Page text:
MANUAL OF SURGERY, OXFORD MEDICAL PUBLICATIONSBY ALEXIS THOMSON, F.R.C.S.Ed.PREFACE TO SIXTH EDITION Much has happened since this Manual was last revised, and many surgical lessons have been learned in the hard school of war. Some may yet have to be unlearned, and others have but little bearing on the problems presented to the civilian surgeon. Save in its broadest principles, the surgery of warfare is a thing apart from the general surgery of civil life, and the exhaustive literature now available on every aspect of it makes it unnecessary that it should receive detailed consideration in a manual for students...

By: Pansy (1841-1930)

Book cover Links in Rebecca's Life

Rebecca Harlowe is a young woman who strives to apply Christ's instructions in the Bible to her daily life and relationships. In this book we witness some of her successes and failures and the effect of her example on those around her.

By: Richard Doddridge Blackmore (1825-1900)

Book cover Cradock Nowell Vol. 3

Cradock Nowell: a Tale of the New Forest is a three-volume novel by R. D. Blackmore published in 1866. Set in the New Forest and in London, it follows the fortunes of Cradock Nowell who, at the end of Volume 1, is thrown out of his family home and disowned by his father following the suspicious death of Cradock's twin brother Clayton, their father's favorite. In Volume 2, the story picks up with those left behind at Nowelhurst and the question of who is now heir apparent to the Nowell fortune. Meanwhile, Cradock discovers life independent of the Nowell name and fortune is not easy...

By: Raymond Z. Gallun (1911-1994)

Book cover People Minus X

A disastrous experiment destroys the moon and kills millions on earth. The invention of artificial flesh lets them return to life as androids, a second and perhaps superior human species. Mounting tensions between the naturals and the “phonies” erupts in violence. Will this scientific advance bring eternal life and the gift of travel to the stars or bring about mankind’s self-destruction?

By: Hugh Lofting (1886-1947)

Book cover Story of Doctor Dolittle (version 2)

This is the original book about the amazing Dr. Dolittle who "Besides the gold-fish in the pond at the bottom of his garden, he had rabbits in the pantry, white mice in his piano, a squirrel in the linen closet and a hedgehog in the cellar." In it, the kind hearted dreamer learns he likes animals better than humans; is introduced to animal speech by his parrot, Polynesea; becomes very poor; travels to Africa and has many adventures with his animal friends. And they are indeed friends.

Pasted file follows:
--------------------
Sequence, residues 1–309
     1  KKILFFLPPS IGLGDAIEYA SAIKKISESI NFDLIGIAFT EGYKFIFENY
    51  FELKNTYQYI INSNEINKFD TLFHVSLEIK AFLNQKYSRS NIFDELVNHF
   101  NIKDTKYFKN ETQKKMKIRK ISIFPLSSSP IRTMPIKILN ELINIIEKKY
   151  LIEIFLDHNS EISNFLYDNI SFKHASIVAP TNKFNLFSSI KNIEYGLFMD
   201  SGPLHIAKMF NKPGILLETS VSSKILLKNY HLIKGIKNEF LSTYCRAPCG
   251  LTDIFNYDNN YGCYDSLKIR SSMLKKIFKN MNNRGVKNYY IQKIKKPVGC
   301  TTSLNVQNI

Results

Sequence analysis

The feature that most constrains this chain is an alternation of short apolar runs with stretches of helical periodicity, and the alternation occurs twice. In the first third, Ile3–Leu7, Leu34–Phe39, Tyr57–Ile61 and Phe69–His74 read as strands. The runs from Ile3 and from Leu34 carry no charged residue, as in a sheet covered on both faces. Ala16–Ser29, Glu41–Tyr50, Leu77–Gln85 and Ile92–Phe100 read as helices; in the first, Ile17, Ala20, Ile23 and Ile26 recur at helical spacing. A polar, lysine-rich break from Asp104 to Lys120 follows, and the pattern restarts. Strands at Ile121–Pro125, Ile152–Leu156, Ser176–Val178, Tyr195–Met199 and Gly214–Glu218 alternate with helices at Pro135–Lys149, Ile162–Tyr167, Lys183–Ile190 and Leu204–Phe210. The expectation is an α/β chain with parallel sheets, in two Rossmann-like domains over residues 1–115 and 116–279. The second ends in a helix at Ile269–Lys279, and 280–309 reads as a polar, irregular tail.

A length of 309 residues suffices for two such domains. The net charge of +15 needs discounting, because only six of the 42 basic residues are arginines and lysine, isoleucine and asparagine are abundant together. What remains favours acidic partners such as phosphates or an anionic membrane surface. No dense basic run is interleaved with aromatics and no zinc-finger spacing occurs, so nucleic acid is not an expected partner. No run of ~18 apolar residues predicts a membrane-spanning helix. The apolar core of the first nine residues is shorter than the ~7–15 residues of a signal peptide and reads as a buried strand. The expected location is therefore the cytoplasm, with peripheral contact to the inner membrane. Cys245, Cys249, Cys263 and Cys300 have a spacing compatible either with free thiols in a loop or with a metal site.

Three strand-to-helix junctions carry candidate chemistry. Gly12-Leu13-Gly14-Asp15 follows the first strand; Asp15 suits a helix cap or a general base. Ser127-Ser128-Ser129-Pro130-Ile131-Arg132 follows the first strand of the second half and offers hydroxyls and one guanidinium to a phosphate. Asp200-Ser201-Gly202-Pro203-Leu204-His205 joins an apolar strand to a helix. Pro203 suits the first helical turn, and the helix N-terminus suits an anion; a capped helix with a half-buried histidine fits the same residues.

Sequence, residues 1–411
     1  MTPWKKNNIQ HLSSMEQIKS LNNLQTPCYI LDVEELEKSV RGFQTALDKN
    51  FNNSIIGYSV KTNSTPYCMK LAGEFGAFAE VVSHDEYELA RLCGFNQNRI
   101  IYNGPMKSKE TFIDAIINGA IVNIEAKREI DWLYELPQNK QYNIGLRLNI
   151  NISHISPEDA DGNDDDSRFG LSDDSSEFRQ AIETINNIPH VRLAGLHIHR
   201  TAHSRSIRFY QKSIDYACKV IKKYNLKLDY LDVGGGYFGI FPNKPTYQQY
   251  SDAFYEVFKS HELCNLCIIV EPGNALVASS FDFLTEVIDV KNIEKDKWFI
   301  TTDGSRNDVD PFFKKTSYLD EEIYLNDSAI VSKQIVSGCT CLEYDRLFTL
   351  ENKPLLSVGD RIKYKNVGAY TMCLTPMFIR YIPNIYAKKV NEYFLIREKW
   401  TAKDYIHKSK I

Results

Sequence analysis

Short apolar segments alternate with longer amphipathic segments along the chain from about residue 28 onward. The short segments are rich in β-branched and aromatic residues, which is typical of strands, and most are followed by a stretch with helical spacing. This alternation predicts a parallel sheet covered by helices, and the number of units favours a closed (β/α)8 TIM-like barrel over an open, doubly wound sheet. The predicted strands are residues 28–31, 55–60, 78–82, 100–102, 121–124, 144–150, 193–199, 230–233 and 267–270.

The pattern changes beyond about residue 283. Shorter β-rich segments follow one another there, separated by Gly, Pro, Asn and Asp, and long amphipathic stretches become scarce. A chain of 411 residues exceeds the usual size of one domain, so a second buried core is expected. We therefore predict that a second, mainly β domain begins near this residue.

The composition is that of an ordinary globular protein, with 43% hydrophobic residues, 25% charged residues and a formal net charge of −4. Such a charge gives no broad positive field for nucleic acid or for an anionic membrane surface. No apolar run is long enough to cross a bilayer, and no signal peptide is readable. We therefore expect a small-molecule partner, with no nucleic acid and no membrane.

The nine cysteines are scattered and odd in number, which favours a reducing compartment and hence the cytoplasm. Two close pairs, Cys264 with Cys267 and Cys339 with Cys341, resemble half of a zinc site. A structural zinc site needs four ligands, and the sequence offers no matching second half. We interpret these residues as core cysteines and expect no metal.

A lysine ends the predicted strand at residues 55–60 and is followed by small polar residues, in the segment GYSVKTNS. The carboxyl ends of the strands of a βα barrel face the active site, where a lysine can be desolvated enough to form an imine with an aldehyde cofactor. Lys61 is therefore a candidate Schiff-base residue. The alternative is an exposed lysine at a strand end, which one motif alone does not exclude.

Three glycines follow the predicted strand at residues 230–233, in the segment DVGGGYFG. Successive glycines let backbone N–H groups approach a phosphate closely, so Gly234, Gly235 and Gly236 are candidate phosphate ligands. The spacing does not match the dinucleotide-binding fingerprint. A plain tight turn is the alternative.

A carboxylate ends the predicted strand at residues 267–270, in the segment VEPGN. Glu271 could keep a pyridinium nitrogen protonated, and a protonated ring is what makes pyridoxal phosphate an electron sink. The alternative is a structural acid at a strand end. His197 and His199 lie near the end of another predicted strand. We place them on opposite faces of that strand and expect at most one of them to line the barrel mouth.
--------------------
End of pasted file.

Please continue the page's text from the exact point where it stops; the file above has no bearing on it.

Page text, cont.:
By: Nikola Tesla (1856-1943)

Book cover "My Inventions" and Other Works, The Autobiography of Nikola Tesla, Electrical Experimenter February to October 1919

Between February and October 1919, Nikola Tesla submitted many articles to the magazine Electrical Experimenter. The most famous of these works is a six part series titled "My Inventions", which is an autobiographical account of Nikola Tesla's life and his most celebrated discoveries. This work has been compiled and republished as a stand-alone book several times under different names, but has been a cause of some controversy due to some versions deviating from the original text without explanation...

By: Mark Twain (1835-1910)

Book cover £1,000,000 Bank-Note & other new Stories

collection contains: -The £1,000,000 Bank-Note -Mental Telegraphy -A Cure for the Blues -The Enemy Conquered; or, Love Triumphant -About all Kinds of Ships -Playing Courier -The German Chicago -A Petition to the Queen of England -A Majestic Literary Fossil This Mark Twain short story collection was published in 1893, in a disastrous decade for the United States, a time marked by doubt and waning optimism, rapid immigration, labor problems, and the rise of political violence and social protest. It was also a difficult time for Twain personally, as he was forced into bankruptcy and devastated by the death of his favorite daughter, Suzy...